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American Revolution: Domino Effect
Category: Social Studies
Tags: american revolution causes of the american revolution american revolution timeline

Show how one thing led to another with these free resources exploring the causes of the American Revolution: 

Differing Points of View - Visit Project Look Sharp for an elementary teaching kit on the Causes of the American Revolution. For each cause, there's a downloadable teacher's guide and student worksheet, plus a list of supplementary resources. The materials include accounts of incidents from different viewpoints -- for example, a description of the Boston Massacre from both the colonist and British perspectives. Other lessons include analyzing a Phyllis Wheatley poem, and comparing two 18th century "George" portraits (George Washington and King George III).

Chain Reaction: Make various mini lapbooks and foldables for each cause using this Hands-On-History download. Includes instructions for: a Q & A flip book on taxes; Boston Tea Party step book; mini book of Paul Revere's ride; and other projects.

  

Download a Grade 4 reader on the American Revolution, with nine chapters. Download the accompanying Activity Book, with review questions, vocabulary, grammar, and writing activities.

                                

More American Revolution Resources:

Animated Battles:

Interactive Game:

 



History with Primary Sources
Category: Social Studies
Tags: primary sources primary source documents

Incorporating primary source analysis into your history studies is easier than ever these days due to a number of free sites with ready-made lessons and activities. Here are several for American history:

Write an Essay: At Zoom in, individual lessons guide learners in the study of different types of primary sources, such as speeches, letters, political cartoons, oral histories, audio recordings, and photographs. After weighing the evidence and different perspectives, students write an explanatory or argumentative essay. (One example: the benefits and disadvantages for young women working in America’s first factores). The lessons cover all the major eras of U.S. history.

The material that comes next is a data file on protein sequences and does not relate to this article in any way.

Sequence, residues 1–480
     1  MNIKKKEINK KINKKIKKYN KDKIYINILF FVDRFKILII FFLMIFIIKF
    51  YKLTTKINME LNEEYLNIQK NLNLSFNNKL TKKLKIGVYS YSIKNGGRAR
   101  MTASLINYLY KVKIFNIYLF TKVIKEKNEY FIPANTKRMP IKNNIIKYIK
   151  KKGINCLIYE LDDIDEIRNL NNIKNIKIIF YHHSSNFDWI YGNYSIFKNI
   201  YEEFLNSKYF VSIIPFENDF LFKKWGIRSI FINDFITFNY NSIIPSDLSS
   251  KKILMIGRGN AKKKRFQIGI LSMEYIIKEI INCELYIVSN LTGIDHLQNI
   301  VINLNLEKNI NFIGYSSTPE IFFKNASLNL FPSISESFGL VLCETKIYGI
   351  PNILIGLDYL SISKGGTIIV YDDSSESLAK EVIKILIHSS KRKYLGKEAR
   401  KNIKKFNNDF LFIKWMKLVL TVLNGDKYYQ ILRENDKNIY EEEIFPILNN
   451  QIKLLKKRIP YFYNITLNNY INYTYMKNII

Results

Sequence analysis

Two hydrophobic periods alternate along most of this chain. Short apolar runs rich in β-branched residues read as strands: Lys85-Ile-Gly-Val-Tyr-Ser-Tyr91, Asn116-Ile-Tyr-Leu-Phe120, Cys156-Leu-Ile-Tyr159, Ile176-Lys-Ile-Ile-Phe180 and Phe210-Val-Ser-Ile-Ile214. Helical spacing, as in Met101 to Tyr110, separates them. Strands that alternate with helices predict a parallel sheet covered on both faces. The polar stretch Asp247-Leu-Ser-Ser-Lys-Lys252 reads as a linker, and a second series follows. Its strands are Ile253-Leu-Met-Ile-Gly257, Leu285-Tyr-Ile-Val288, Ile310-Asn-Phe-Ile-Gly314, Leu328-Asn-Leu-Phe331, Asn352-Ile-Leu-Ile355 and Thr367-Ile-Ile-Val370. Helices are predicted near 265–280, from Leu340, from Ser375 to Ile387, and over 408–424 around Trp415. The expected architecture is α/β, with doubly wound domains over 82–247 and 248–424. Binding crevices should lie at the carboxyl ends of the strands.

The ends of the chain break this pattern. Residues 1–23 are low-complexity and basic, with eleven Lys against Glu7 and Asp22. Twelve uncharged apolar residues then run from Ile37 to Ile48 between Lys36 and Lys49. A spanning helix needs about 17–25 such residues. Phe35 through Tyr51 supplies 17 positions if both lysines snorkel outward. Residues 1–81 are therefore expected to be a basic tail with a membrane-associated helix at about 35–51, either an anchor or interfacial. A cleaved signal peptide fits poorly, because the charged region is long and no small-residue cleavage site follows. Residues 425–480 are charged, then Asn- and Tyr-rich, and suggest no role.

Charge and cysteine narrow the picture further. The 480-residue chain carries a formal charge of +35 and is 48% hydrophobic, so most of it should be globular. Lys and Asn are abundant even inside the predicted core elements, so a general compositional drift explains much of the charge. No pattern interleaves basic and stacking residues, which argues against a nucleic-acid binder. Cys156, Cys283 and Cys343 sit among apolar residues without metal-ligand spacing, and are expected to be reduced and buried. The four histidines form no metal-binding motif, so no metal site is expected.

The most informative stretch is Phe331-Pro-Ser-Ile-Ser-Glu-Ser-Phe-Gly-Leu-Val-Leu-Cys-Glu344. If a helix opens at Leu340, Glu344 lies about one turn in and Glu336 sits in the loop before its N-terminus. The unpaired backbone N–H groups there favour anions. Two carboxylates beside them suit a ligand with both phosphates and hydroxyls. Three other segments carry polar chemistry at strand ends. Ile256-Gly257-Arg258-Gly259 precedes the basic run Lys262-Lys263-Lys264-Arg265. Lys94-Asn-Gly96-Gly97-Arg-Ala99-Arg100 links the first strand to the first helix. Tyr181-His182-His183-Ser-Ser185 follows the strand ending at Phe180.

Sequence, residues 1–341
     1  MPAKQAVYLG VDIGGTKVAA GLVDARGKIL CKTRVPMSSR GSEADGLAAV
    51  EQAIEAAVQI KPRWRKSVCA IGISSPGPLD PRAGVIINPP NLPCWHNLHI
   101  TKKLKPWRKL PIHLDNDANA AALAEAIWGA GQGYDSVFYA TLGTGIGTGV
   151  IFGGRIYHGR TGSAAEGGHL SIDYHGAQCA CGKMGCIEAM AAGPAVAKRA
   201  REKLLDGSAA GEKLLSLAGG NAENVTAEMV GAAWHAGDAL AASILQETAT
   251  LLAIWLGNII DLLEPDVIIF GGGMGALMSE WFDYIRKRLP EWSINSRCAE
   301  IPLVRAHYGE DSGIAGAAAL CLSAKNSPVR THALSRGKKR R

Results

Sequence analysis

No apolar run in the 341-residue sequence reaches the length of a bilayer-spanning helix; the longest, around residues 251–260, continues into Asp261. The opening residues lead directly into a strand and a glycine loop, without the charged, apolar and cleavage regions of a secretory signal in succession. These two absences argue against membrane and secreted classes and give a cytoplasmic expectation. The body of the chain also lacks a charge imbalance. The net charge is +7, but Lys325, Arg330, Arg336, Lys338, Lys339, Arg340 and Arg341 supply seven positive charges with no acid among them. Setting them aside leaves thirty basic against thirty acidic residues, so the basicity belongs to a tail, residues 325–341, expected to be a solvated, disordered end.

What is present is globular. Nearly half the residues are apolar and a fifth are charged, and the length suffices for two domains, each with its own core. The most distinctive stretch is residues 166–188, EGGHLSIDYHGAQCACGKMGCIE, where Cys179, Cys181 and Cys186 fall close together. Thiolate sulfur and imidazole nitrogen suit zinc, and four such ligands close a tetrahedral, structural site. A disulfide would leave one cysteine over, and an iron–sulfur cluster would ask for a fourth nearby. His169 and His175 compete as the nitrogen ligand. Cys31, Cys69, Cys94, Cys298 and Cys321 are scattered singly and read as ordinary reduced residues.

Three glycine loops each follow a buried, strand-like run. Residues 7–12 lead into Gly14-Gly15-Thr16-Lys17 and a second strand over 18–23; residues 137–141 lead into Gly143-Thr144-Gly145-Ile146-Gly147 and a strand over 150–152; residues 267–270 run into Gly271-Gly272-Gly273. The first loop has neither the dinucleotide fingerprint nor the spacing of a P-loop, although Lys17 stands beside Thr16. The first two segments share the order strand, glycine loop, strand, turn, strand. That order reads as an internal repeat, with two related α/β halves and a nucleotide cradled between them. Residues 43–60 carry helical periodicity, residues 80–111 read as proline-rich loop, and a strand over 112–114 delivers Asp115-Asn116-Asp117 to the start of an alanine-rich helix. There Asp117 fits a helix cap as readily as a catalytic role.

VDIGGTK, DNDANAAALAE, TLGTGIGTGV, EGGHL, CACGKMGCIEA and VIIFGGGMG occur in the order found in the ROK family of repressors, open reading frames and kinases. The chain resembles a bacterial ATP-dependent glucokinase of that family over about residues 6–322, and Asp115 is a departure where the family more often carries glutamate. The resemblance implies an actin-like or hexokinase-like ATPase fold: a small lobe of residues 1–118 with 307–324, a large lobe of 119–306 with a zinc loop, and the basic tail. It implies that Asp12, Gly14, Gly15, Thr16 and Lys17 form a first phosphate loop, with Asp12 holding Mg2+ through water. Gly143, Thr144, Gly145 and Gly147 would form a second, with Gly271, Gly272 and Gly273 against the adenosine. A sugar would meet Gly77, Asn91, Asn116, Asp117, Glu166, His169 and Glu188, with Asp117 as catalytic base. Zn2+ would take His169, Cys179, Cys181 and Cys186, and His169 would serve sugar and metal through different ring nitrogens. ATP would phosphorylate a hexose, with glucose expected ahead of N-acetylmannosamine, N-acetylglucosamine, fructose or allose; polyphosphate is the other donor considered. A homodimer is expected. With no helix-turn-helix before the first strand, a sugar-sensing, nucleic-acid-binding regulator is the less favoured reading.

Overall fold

Another site that presents conflicting accounts for debate, and prompts learners to respond with an essay, is Historical Thinking Matters.

 

Investigate a Historical Scene: Explore various case files to draw conclusions about historical events. What caused the Jamestown colony to fail? Who was responsible for the Boston Massacre? What was it like for children living during the Civil War? Through these and other investigations at Historical Scene Investigation, students become history detectives by analyzing evidence, searching for clues, and finally cracking the case.

 

Solve a History Mystery: At The Price of Freedom: Americans at War, explore the wars Americans have fought through primary sources. You can also play an interactive Who Am I game that presents you with a mystery character you identify using as clues a quotation and objects associated with that character.

 

 

Sharpen Critical Thinking with Interactives: Annenberg Learner presents a series of primary source-based interactives that target such critical thinking skills as analysis, and development of a thesis. The site also features an American History Course organized into 22 units, with videos, text, questions and activities. Each unit presents several broad themes that can be studied, and also includes associated primary documents, like old photographs and political cartoons, plus assignments to go along with them.

 

Use Guided Analysis Worksheets: These worksheets, developed by the Education Staff of the National Archives and Records Administration, provide questions for examining:

Visit the Library of Congress site for addtional primary source study guides.

Related Post: Learning History Through Role-Playing

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